Due: Oral presentation on topic

STEP 5:  Write a source entry for each source

Remember, a reflective annotated bibliography is a written response to a text that does not just summarize what the text is about, but also explores how the author presents the information to their intended audience. A reflective  annotated bibliography focuses on the rhetorical situation (purpose and audience, context), rhetorical choices (rhetorical appeals, style, etc), and the genre (medium, type of text, key features). It does not focus on your opinion of the topic, but rather, what is being said about the topic and how it is being said. 

More specific guidelines will be shared during class sessions. 

Step 6: Choose Quotes (at least one from each source)

This step does not count toward your word count, but it is VERY helpful preparation for Module 3!  For EACH SOURCE, find at least one direct quote from the author that you feel really exemplifies the document’s claims or interpretations (really shows what the author is arguing or trying to say). Or, you might want to choose a sentence that you really agree with (or really disagree with) that you want to refer back to later. You don’t need to repeat something you’ve quoted earlier– this is just a place to take note of quotations you feel you may want to use later.  Put it in quotes– and don’t forget the page number (if applicable).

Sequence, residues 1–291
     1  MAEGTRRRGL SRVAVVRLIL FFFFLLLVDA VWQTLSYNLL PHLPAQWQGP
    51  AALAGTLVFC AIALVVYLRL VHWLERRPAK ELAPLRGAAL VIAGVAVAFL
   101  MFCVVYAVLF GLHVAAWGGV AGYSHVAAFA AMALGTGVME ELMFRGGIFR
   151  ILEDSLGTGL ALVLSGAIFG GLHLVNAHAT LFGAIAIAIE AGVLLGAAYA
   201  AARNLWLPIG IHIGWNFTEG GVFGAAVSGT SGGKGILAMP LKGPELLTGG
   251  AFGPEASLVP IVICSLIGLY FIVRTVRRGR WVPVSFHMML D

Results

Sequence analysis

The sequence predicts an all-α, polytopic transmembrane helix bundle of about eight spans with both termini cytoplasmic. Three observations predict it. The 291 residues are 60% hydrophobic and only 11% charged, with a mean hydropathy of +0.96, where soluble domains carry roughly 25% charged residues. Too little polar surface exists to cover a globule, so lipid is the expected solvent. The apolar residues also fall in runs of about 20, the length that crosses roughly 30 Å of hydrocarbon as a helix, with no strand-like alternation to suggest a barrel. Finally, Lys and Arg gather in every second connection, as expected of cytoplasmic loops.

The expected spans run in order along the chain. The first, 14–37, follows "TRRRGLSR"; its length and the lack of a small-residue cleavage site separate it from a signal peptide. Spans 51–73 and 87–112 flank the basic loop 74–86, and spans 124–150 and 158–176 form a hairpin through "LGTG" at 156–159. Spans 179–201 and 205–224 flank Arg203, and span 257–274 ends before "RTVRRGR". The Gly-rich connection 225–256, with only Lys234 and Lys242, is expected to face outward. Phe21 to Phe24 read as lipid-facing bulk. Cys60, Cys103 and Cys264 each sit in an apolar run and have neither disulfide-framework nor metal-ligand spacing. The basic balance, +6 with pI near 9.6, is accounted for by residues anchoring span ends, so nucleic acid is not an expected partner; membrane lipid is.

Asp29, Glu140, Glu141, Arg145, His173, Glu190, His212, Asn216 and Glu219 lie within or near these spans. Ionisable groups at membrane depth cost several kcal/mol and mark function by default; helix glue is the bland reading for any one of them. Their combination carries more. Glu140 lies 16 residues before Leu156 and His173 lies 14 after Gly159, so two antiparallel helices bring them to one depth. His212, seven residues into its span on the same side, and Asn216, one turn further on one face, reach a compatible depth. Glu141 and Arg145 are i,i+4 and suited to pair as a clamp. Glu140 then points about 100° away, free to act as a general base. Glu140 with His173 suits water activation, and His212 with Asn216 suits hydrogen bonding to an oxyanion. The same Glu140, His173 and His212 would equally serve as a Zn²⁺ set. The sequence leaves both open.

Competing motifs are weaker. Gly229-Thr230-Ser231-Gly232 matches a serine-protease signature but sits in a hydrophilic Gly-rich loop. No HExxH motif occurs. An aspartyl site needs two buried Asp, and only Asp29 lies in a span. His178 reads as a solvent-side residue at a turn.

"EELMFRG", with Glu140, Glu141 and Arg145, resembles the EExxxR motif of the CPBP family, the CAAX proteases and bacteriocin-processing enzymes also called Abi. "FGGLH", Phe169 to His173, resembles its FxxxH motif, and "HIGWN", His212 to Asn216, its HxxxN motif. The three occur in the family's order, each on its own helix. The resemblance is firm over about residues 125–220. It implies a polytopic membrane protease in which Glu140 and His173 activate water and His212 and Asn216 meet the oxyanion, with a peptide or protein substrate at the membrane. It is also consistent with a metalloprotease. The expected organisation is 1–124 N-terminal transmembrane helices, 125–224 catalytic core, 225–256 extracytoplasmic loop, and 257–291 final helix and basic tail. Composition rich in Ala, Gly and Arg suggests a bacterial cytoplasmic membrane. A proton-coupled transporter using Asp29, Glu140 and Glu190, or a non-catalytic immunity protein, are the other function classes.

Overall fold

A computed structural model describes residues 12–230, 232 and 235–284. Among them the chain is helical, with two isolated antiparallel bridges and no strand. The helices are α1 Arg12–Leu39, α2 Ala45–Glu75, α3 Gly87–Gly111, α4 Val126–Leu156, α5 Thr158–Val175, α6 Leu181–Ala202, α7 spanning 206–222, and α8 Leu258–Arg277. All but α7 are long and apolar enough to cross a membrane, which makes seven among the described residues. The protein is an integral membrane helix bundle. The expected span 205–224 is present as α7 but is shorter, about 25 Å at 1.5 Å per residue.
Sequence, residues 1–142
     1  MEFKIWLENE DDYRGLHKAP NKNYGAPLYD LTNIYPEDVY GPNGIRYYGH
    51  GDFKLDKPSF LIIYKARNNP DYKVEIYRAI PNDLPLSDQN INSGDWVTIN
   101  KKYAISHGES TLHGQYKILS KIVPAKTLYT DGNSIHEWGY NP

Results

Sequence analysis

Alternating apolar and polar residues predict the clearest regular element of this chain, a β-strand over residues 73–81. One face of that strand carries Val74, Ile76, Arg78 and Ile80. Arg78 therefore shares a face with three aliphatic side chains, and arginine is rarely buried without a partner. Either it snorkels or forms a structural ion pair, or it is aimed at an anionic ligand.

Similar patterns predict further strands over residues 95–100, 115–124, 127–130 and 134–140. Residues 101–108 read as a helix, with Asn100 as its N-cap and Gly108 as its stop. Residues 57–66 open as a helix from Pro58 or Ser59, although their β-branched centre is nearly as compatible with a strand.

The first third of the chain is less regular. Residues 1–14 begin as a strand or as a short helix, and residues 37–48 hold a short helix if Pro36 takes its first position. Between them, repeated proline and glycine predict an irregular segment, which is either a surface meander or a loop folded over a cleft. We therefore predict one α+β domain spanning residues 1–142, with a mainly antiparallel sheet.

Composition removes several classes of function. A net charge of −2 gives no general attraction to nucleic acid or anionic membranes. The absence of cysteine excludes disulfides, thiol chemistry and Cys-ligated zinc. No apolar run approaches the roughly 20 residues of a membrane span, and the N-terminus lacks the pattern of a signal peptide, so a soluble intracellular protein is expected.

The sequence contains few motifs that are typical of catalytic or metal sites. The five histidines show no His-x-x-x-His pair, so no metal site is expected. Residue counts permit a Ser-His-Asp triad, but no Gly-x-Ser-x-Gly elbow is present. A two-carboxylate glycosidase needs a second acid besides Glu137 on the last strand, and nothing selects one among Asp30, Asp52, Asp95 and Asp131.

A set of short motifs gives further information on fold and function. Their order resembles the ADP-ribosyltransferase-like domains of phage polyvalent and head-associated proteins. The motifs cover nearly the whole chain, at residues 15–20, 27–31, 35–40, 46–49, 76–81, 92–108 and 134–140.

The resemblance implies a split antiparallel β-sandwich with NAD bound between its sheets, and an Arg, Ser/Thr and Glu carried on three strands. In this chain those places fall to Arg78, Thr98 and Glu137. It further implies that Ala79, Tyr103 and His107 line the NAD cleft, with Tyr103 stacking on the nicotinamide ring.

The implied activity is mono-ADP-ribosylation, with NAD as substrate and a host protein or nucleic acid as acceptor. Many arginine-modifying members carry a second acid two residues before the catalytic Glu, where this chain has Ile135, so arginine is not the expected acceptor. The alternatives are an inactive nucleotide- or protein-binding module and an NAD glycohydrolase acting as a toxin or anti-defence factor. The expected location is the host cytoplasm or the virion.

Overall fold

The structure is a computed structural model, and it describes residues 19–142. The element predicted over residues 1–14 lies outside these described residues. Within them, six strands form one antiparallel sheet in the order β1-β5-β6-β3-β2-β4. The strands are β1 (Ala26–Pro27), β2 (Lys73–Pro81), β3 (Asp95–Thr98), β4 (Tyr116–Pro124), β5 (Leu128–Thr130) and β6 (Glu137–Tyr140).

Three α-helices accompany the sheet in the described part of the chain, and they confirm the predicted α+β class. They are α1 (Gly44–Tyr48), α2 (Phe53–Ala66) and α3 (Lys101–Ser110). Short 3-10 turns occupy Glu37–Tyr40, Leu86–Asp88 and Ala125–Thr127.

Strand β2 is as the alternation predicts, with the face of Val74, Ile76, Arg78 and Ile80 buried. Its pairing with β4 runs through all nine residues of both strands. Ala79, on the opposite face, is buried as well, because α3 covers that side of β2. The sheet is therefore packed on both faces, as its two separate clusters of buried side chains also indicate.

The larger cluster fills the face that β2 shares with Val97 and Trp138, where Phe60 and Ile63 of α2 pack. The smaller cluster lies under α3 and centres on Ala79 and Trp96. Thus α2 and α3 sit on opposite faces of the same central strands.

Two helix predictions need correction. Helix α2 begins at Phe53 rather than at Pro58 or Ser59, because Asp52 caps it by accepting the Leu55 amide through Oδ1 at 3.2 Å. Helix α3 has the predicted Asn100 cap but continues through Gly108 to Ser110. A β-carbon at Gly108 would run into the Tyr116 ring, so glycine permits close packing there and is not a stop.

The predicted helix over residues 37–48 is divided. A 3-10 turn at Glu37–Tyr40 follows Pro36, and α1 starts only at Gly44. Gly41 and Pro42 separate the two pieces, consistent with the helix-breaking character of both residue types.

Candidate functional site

Step 7: Write a conclusion

Write a conclusion about what you actually found. What is similar to or different from what you expected when you first started out? Explain. What solutions does your research present? How does it vary based on genre?

How do your sources look at the problem and address them in different ways? Focus on how different genres address the problem in different ways. Who was the intended audience of each piece? What was the genre? What were the constraints of the genre? How effective was the message? Would a different genre have been more effective? Why or why not?

The conclusion should also present what you expected to find initially during the research process. Refer back to your research questions and your free write! 

Step 8: Revise and Edit

Revise and edit your final product to make sure you have all of the required elements and that the information is presented in a clear and organized fashion

  • Intro 
  • Source Entry 1
  • Source Entry 2 
  • Source Entry 3 
  • Conclusion